On "Never Lived In The City," the author writes: A paean to the particular chronology of a night, nights out at home, which is and is not Atlanta, where you were born and left and still come back. That humming on the two-lane highway, to freeway, to parking lot, that time rolling in the car, the speed, merging, how it goes to your head. How time once you get going speeds up and then you're in it, going out. What slow spread you leave behind in the daylight, that old onionlight. The days and nights between you going down to the city, from mountain or valley or cul de sac. Who are you when you're there. How much sweat will you sweat, soak your underclothes. Some nights you drive an hour or two just to be somewhere, be somewhere to dance in city sound. In the car headed to the bar. Who will you see, what're you gonna get into. Maybe you'll see your ex in the crowd who's sweet, how sweet. Is the city so much. You're there to give in. How you might come down. You are coming down every time. These songs track that scope.

On "Okefenokee:" One way I have thought of my relationship to history and landscape is to try and write outside of my mind, to hold space to sense perception, and to locate it in a thereby imagined space which itself might hold that kind of liminal thought literally. This might take the form of, say, floating in water, or the feeling of it. But this is not to be untethered from consequence. Rather, this is a way to be in consequence. I began with the idea of cypress knees—parts of the tree's root which, for unknown reasons, grow above ground. What does it really mean to be from, or of, a place? What does that actually look like, I keep asking and trying to answer. Can, or possibly, must one dissolve individual consciousness, if only for one poem? In a way, often I am permitted to return to a swamp. Here, these songs are organically-minded, thinking of remediation.

Never Lived In The City

except if you count sprawl ululating & the molar strips of kennels
terraces many mouthed houses houses & the jacked-up creeks

trickling embankment runoff kids do that they run loose in cities
trail lickety split straight shot freeway my friend hilary shows me

no less than ninety in this lane miasmic dense the highway rate swerve
wrecks & down in rabbit holes in little five points the city'd been

granaries / mill houses / block built / affluent / incineration just
the open grit slathered babe as a baby been brought away from

this city later sucked off accent we smoke pig butts & we cannot
lie houses low level brick porticos kitchenettes & formica wrought

garden fences the burnt rust underside magnolia leaves like pollen
& bradford pears legions emitting dead fish stink in spring lining

tennis courts & sidewalks in cabbagetown times when I ever was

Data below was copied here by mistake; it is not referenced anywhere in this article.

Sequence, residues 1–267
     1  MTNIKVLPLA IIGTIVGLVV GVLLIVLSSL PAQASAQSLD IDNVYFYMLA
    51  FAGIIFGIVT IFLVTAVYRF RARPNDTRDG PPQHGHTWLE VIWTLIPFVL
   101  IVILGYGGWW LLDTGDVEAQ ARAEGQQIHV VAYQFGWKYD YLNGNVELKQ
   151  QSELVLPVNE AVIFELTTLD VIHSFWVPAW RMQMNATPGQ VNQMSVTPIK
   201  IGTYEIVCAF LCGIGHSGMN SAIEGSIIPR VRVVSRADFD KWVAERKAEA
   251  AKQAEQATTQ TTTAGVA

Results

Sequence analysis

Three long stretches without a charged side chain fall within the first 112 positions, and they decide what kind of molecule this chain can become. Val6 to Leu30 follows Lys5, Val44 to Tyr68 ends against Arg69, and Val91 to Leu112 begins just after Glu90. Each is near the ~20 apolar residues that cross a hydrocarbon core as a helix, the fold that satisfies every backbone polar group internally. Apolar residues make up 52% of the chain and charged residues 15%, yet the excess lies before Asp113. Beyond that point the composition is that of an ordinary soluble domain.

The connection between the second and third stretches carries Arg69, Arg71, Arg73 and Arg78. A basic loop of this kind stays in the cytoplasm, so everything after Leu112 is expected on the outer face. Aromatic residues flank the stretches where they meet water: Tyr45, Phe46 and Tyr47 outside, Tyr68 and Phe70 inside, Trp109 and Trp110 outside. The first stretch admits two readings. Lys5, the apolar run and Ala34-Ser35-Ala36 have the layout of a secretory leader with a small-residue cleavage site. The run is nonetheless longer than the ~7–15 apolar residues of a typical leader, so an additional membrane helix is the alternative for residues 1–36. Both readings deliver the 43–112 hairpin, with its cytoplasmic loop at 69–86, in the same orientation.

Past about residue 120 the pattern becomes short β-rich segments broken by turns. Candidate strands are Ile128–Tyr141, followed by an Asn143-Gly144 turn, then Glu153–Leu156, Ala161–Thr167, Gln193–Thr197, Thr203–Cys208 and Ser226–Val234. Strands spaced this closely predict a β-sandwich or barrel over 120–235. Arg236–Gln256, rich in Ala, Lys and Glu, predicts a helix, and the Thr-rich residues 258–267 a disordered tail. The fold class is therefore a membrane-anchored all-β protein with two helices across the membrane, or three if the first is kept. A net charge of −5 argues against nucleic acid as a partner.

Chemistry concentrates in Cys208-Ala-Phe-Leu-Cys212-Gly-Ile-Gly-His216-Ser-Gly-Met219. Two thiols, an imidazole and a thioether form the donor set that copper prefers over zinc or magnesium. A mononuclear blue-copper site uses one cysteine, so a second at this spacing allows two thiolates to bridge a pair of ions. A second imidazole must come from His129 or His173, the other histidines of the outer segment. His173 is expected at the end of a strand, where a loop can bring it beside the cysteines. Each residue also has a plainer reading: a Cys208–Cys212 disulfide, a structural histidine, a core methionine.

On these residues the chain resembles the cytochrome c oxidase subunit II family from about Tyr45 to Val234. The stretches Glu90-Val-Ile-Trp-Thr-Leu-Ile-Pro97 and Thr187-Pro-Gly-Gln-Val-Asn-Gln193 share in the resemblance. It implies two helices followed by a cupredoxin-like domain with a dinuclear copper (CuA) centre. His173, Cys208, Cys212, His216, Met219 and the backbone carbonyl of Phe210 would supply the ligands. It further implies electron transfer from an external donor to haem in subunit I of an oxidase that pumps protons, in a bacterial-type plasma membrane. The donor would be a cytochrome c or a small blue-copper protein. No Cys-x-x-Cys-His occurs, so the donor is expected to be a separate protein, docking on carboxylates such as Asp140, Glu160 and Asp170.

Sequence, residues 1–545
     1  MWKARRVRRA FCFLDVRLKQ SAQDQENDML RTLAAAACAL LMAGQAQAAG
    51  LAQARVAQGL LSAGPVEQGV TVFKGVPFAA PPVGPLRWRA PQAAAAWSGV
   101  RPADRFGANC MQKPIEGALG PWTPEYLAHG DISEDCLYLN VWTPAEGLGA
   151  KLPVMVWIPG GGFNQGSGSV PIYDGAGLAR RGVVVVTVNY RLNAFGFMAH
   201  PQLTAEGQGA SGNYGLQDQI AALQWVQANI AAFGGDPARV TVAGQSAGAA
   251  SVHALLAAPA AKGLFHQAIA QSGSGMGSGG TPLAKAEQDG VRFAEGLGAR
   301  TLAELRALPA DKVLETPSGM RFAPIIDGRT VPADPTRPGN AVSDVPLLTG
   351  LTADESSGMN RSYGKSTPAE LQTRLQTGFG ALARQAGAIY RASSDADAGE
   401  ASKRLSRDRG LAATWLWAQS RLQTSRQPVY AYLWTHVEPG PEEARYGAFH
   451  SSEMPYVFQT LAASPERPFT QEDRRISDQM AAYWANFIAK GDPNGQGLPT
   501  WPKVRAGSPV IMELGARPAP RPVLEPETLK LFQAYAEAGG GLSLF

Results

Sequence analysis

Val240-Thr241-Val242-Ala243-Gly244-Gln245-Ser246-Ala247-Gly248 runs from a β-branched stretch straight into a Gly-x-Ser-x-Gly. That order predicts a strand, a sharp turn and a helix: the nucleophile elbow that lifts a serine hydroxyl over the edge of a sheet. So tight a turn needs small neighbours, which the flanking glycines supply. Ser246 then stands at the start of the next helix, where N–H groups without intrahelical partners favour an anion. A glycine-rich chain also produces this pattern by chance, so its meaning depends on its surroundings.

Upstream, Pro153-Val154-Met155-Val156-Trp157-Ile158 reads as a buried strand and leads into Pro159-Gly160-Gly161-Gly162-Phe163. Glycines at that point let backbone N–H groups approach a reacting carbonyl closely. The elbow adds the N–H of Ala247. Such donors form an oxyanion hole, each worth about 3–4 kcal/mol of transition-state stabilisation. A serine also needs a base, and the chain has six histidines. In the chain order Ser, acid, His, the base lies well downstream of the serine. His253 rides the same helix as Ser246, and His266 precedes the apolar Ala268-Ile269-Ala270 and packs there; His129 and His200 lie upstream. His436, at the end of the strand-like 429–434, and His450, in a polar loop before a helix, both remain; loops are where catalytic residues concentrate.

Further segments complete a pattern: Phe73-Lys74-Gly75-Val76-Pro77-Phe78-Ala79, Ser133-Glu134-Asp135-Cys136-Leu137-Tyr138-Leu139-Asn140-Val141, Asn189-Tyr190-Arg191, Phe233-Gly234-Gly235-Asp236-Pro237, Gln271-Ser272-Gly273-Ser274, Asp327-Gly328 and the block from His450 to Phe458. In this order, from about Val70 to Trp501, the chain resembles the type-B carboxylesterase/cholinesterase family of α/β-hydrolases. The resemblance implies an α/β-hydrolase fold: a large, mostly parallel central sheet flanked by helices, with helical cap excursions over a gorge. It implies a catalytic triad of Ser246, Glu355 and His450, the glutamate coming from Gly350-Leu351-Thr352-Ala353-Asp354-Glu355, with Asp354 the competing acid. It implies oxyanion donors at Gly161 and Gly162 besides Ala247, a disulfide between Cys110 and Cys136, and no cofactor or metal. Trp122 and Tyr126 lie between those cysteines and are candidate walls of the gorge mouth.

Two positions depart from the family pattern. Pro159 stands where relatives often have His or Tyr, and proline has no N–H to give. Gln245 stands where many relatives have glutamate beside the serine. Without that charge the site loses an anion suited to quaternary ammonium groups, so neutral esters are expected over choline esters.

there ex david went & met sirdaddy who gave him a pair of sky-high

red plastic platforms but he never wore them cause he'd heard sir-
daddy'd do that for all the boys he liked & one summer we dipped

drenched to the masquerade runoffed the black tinderbox propped
on stilts how it ground in my teen dream tongue out sizzle second

I saw him no shirt & reached his face minnows swum in through
soaring sensors sensing each other & we turned what a long way

we'll never be ones for the crowd but in acts of faith & from across
the river of sound the kingdom called we both heard bells & that

tremor droning furnace cinders we're hammered in the heat can't
feel (we're so far off) you come down you burn up & get added on

The Cloud of Unknowing, Chapter 18: As Martha complained about Mary, so down to the present day all actives complain about contemplatives, the cause of these complaints being ignorance.


Cypress   knees the pitch root of it
      the note underlying laying     like stink

sulfur blink          bone face chert
                  back of the head mud
    water silent nostrils           back brine I

& the old form   superimposed onto each
                                 other just below

It & I facing           upward vascular ascending
   water drifting over           blind for the time being

Circle base swollen drink up from peat as
body becomes fluid            & the unknown ekes

out I floating          crossever gradient radials
                                   branchlets scalelike
   If I aerate   am then outgrowth
              denuded roots         exposed & rotted

hollow over time form is    un-underground
fibrous structure                     needs to breathe &

in this land the water's shedding  dissolving
                             into common clay

The Cloud of Unknowing, Chapter 34: God grants his grace freely without any intermediary, and it may not be achieved through intermediaries.

Alicia Wright is originally from Rome, Georgia, and has received fellowships from the Iowa Writers' Workshop. Her poems appear or are forthcoming in Ecotone, West Branch, The Literary Review, Poetry Northwest, Flag + Void, and The Southeast Review, among others. At present, she is working towards a PhD in Literary Arts at the University of Denver, where she serves as Conversations Editor for Denver Quarterly.